My film, his film
Squabbles between producer and director are increasing. Communication is the solution, say both sides. Diganta Guha and Arindam Chatterjee report.entertainment Updated: May 31, 2007 20:00 IST
Cheesy, melodramatic sagas are being played out by agitated producers and disgruntled directors with increasing frequency.
Producer-director Karan Johar has encouraged young filmmakers under his Dharma Productions banner, but he's also had clashes of will with protégés like Nikhil Advani and Soham.
More recently, producer Bipin Vohra and director Goutam Ghose fell out over budgetary problems on Yatra.
In the Hindi film industry, ego clashes are part of the landscape. Advani, allegedly miffed that his debut film Kal Ho Naa Ho was promoted more as Johar's production, moved on to a new producer for Salaam-e-Ishq.
Similarly, Ram Gopal Varma was so upset with James' director Rohit Jugraj that he decided to remake the same film as Shiva.
"It depends on the status of the director," says Anil Nagrath, secretary, Indian Motion Pictures Association, adding, "If there's a big director the producers won't intervene. But when it's a youngster and there's lots of money at stake, most won't shy away from involving themselves."
Some producers manage to be on happy terms with their directors. Yash Raj Films' Aditya Chopra is known to be involved in his productions but there have been no clashes of will with Siddharth Anand who has directed two films under the banner.
"You have to work with them to know the truth," says Anand.
Although most producers and directors are tight-lipped about incidents from the past, they also believe it can serve as a lesson for the future.
"I guess more interaction is required. Mutual respect could help camaraderie," says director Anjan Das, who cast Yash Pandit and Manjari Fadnis in Faltu because of his producer.
"Producer Arindam Chaudhuri had a commitment to keep… and I respected that. Generally, my producers and I figure out the details during scripting but also keep in mind excesses that can crop up during production," adds Das.
Production houses like UTV, Vishesh Films and Mukta Arts have a more corporate structure with a clear-cut division of labour, something that directors prefer. Says Anurag Basu, who has worked with both Vishesh and UTV, "I've had just a few sessions with UTV for Life In A Metro and everything was discussed right then."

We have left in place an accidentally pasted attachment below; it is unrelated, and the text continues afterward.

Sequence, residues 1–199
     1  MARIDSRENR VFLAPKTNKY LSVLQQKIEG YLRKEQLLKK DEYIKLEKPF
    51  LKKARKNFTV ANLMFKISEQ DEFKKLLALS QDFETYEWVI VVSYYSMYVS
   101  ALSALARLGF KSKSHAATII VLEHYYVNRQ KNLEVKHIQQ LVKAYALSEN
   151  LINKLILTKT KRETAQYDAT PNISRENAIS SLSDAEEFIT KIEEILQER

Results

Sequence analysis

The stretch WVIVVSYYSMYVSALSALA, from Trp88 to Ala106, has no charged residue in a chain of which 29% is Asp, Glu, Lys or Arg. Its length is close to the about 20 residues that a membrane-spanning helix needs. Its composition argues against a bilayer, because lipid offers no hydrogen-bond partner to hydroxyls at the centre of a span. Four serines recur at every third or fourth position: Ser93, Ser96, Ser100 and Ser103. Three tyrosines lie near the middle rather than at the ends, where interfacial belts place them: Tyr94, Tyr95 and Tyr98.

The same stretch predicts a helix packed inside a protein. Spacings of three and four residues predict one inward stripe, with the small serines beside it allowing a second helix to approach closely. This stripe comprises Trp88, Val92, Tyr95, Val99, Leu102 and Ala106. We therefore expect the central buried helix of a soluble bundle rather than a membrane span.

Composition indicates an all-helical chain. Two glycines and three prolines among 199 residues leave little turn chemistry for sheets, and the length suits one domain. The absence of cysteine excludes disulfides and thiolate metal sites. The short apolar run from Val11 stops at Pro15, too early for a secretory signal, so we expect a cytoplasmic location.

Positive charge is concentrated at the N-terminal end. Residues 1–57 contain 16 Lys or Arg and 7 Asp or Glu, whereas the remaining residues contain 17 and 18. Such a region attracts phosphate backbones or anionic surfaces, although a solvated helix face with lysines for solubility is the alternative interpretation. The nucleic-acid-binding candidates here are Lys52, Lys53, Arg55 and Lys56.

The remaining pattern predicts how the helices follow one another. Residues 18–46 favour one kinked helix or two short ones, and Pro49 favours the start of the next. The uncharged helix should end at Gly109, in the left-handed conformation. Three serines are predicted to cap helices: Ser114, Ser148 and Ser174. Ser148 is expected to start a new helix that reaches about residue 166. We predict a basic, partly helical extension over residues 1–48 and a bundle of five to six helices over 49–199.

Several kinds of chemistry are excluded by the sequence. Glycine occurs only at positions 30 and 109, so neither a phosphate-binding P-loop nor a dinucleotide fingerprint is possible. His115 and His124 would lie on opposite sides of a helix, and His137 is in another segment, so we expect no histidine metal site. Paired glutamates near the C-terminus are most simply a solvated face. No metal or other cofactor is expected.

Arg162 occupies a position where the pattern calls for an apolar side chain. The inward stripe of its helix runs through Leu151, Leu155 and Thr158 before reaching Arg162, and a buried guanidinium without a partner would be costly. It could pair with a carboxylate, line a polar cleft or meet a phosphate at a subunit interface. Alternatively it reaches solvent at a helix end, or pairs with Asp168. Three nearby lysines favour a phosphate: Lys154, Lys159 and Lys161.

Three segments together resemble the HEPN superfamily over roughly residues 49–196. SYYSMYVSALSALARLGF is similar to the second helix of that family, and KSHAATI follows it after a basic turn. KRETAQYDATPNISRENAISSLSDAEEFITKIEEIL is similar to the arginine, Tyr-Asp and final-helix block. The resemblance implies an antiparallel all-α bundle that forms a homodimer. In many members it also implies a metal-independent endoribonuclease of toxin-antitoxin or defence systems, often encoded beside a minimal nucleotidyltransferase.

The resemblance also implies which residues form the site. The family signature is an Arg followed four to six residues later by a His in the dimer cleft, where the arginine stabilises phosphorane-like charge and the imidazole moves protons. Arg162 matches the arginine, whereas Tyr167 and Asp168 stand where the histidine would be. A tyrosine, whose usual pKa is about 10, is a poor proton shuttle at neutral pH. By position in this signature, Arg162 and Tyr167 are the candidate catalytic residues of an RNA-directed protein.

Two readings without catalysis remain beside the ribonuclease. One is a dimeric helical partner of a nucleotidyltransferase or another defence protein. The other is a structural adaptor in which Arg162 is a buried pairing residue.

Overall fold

Director Subrata Sen feels some leeway on finances is necessary. "It takes a combined effort to make a film. So suggestions can come from any quarter during shoots.
"It's up to the director to see what he wants to incorporate. The producer's involvement is equally important since he can take care of matters like buying raw stock during production," says Sen.
Ashok Dhanuka is one such producer.
"I'm like a production boy... I try to take care of the artistes… talk to the director to know about the following day's schedule. The director should only worry about the film he is making. I am a producer not a financier," says Dhanuka.
Both Dhanuka and producer Bijoy Khemka feel directors should understand the economics. "Some directors get selfish; they seek fame at the cost of the producer. The relationship between the producer and the director should be practical," says Khemka.
Sen points out, "Ultimately, producers too want to create a good film where the banner gets highlighted… they want the film to win awards," he adds.
Deepak Bajaj, who produced Iti Srikanta, seconds that, "I didn't want a run-of-the-mill film. The film did well at the National Awards."